Volume 95 Issue 28 | p. 17 | News of The Week
Issue Date: July 10, 2017 | Web Date: July 7, 2017

EU moves to define endocrine-disrupting pesticides

Member states adopt criteria for identifying hormone-altering chemicals
Department: Government & Policy
News Channels: Environmental SCENE
Keywords: pesticides, endocrine disruptors, European
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EU member states have approved criteria for determining whether a pesticide disrupts the hormone system.
Credit: Shutterstock
Photo shows Dutch farmer in a tractor spraying pesticides on fruit trees in bloom.
 
EU member states have approved criteria for determining whether a pesticide disrupts the hormone system.
Credit: Shutterstock

European Union member states on July 4 adopted a list of criteria for identifying whether the active ingredient in a pesticide is an endocrine disruptor. The benchmarks are expected to set the stage for regulating chemicals that interfere with hormones in products beyond pesticides, including toys, cosmetics, and food packaging.

“After months of discussion we are advancing in the direction of the first regulatory system in the world with legally binding criteria to define what an endocrine disruptor is,” says EU Commissioner for Health & Food Safety Vytenis Andriukaitis. “Once implemented, the text will ensure that any active substance used in pesticides which is identified as an endocrine disruptor for people or animals can be assessed and withdrawn from the market.”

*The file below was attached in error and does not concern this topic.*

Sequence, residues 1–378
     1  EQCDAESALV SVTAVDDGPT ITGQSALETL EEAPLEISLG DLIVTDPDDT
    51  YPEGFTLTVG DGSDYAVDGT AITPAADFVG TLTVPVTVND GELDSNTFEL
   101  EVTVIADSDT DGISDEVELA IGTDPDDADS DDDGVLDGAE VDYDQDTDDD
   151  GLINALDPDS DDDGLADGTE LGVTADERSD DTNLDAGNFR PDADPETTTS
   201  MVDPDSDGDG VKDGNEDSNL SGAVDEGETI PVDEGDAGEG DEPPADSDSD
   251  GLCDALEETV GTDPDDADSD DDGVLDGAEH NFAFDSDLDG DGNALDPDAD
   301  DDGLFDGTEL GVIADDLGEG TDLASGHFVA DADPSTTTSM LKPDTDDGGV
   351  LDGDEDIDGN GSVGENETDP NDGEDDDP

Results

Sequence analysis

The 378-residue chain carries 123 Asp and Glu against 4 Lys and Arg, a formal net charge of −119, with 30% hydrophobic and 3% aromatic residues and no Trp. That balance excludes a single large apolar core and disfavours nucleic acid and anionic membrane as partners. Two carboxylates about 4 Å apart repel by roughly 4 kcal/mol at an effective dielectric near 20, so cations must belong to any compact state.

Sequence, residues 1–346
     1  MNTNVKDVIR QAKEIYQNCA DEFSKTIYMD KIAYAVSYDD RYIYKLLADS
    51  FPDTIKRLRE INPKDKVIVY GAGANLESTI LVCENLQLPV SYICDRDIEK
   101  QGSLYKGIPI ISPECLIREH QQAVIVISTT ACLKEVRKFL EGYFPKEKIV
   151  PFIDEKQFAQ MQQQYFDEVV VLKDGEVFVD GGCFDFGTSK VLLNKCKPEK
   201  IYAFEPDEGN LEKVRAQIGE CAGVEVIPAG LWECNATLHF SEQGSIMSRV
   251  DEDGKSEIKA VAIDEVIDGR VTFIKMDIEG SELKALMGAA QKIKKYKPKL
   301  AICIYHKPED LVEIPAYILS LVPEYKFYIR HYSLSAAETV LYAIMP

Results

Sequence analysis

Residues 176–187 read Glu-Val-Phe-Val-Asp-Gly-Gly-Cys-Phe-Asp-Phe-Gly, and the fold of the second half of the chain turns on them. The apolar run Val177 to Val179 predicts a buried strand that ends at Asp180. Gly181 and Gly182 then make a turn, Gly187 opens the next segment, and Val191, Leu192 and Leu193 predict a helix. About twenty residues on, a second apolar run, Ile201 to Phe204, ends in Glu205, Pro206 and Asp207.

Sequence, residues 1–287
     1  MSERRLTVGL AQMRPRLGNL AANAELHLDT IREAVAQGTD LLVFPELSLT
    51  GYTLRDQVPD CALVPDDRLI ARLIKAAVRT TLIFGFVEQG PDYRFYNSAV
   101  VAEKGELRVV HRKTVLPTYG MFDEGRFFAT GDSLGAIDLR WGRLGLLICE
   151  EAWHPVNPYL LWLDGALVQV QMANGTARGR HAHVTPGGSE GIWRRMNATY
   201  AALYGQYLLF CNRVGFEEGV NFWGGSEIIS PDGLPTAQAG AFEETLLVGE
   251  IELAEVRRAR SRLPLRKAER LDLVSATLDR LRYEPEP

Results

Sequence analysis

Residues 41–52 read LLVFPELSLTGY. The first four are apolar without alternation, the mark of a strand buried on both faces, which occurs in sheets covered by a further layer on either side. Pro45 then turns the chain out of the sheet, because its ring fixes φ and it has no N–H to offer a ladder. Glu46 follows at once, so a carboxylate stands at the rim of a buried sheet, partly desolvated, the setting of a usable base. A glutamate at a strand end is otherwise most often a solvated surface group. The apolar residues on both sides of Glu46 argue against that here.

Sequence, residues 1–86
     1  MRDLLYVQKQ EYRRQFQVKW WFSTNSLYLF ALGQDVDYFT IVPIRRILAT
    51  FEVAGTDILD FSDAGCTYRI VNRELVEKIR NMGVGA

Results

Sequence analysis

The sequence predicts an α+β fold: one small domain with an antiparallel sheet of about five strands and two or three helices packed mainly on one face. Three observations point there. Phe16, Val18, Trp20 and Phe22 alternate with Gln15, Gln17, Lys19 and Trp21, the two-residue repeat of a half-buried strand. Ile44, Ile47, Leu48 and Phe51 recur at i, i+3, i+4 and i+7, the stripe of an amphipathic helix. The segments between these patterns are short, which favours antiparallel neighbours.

Neither the pesticide industry nor environmental groups supported the criteria when they were first proposed by the European Commission last year. Little has changed since then, and both sides are still raising concerns.

The pesticide industry, represented by the European Crop Protection Association, says the criteria could lead to the removal of dozens of pesticide products from the EU market. In a report released earlier this year, the industry group claimed that the criteria would reduce “crop yields, crop value, and the EU’s self-sufficiency in certain staple crops, such as wheat.”

On the other hand, EDC–Free Europe, a coalition of dozens of environmental and health advocacy groups, says the criteria will “require a high burden of proof,” so most endocrine-disrupting substances will be undetected and evade regulation.

Three scientific societies that are focused on endocrinology also oppose the criteria, citing “arbitrary exemptions for chemicals specifically designed to disrupt target insect endocrine systems that have similarities to systems in wildlife and humans.”

Groups on both sides of the issue are urging the European Parliament and Council to reject the criteria. The two bodies must approve the criteria within three months for the benchmarks to be officially adopted.

 
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ISSN 0009-2347
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